Primary Open-Angle Glaucoma (POAG)

What is Primary Open-Angle Glaucoma (POAG)?

Primary open-angle glaucoma is the most common form of glaucoma, and is a disease of the optic nerve in the back of the eye, where “cupping” of the optic disc occurs, caused by increased pressure inside of the eye. Glaucoma is the 2nd leading cause of blindness globally and patients usually do not experience symptoms until more advanced visual field defects are seen. Vision loss due to glaucoma cannot be reversed.1 

Signs & Symptoms

  • Increased pressure in the eye
  • Blindness beginning with outermost vision that tunnels inward


Important Note on POAG

Increased pressure inside the eye puts stress on the optic nerve and causes irreversible blindness. Glaucoma is considered a silently blinding disease because it targets our outermost vision first and then tunnels inward. Therefore, it’s extremely important to maintain comprehensive eye exams and follow-ups as recommended by your primary eye care provider.

“Understanding Glaucoma” by Sharp HealthCare

What causes Primary Open-Angle Glaucoma?

The major risk factors for primary open-angle glaucoma are:

  • Increased age
  • Family history of glaucoma
  • African American race
  • Nearsightedness
  • Systemic conditions (high blood pressure and diabetes)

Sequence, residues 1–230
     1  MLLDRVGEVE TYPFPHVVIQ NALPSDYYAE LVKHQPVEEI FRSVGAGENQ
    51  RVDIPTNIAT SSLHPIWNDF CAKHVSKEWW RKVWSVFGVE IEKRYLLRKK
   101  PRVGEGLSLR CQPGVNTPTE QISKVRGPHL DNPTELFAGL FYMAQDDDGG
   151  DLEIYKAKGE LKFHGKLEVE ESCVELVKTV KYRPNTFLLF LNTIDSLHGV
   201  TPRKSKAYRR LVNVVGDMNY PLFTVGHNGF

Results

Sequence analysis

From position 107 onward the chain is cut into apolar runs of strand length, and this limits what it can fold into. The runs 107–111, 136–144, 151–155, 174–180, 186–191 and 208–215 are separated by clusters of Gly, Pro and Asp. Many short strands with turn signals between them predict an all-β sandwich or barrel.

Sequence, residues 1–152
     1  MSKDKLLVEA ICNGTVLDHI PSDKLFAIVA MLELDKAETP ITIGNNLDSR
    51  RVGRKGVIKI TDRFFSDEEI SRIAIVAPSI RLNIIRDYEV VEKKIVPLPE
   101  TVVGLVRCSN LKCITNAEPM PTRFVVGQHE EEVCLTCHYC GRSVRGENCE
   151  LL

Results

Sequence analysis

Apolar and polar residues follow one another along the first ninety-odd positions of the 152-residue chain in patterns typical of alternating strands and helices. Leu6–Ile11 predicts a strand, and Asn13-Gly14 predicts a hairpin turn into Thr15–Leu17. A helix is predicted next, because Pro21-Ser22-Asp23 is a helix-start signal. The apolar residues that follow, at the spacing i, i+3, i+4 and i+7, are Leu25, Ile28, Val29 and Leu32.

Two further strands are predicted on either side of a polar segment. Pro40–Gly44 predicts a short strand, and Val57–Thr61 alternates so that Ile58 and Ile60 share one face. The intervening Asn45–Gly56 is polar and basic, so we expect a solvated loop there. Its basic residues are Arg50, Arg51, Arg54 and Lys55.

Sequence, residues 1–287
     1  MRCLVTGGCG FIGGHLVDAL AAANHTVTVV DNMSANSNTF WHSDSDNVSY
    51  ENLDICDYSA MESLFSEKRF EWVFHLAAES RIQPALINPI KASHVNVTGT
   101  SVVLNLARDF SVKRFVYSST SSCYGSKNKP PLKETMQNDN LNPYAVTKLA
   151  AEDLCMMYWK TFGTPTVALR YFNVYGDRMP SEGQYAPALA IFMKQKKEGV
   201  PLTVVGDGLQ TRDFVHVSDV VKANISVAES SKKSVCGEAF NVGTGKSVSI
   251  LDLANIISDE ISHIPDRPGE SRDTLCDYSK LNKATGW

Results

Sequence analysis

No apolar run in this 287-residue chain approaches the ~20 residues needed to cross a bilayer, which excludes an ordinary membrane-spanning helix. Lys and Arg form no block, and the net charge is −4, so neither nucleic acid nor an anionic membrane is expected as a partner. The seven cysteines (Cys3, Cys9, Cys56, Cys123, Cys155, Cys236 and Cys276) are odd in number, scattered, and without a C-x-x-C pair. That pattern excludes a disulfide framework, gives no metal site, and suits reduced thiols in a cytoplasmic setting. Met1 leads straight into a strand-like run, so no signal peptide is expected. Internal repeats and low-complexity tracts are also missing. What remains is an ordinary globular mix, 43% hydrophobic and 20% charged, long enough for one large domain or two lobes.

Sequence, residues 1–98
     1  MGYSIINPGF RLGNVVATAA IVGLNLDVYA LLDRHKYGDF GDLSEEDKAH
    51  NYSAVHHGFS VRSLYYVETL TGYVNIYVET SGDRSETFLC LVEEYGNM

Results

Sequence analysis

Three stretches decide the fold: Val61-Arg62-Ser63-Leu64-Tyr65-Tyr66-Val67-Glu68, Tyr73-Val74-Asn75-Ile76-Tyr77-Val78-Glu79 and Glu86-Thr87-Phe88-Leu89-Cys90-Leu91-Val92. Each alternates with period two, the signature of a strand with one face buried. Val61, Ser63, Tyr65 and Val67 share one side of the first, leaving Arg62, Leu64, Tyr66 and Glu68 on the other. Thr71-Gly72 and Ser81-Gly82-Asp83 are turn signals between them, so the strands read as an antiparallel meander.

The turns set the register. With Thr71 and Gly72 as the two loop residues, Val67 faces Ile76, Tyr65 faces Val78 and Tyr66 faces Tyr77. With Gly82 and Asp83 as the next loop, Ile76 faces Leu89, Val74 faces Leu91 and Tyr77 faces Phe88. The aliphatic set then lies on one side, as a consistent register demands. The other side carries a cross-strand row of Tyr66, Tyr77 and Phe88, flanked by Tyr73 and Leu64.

• Thinner central corneal thickness (CCT)1, 3

How is Primary Open-Angle Glaucoma diagnosed?

Ophthalmic examination: assessing the appearance of the anterior chamber angle, optic nerve, and surrounding retinal tissue.1

Ocular coherence tomography (OCT): ultrasound through the retina and optic nerve.

Humphrey visual field (HVF): side vision test to map out any vision loss from optic nerve damage.

Tonometry: a measure of the pressure inside the eye.

Gonioscopy: a test to assess the structures inside of the eye, used to verify that the drainage structures in the eye are truly “open”.2

Pachymetry: corneal thickness measurement.

How is Primary Open-Angle Glaucoma treated?

Eye pressure lowering drops : eye drops that work on different tissues of the eye to lower eye pressure.

Systemic medication: oral medication to lower eye pressure.1

Selective laser trabeculoplasty (SLT): laser to the trabecular meshwork of the eye (aqueous drainage structure) to enhance outflow of aqueous and lower eye pressure.

Trabeculectomy: creates an alternative path for aqueous to drain, decreased eye pressure.

Tube shunt procedure: similar to a trabeculectomy, an alternative path is created for aqueous to drain but includes a small tube that is inserted into the eye.3

Minimally invasive glaucoma surgery (MIGS):
micro-stent to help drain aqueous from the eye, can be performed in conjunction with cataract surgery/extraction.4

Living with Primary Open-Angle Glaucoma

If untreated, POAG can lead to irreversible blindness, therefore eye care visits as recommended by your eye care practitioner are essential to monitor and attempt to slow vision loss associated with POAG.1 In cases of more severe vision loss, vision rehabilitation with low vision specialists can assist patients optimize their remaining vision through devices and aids.5

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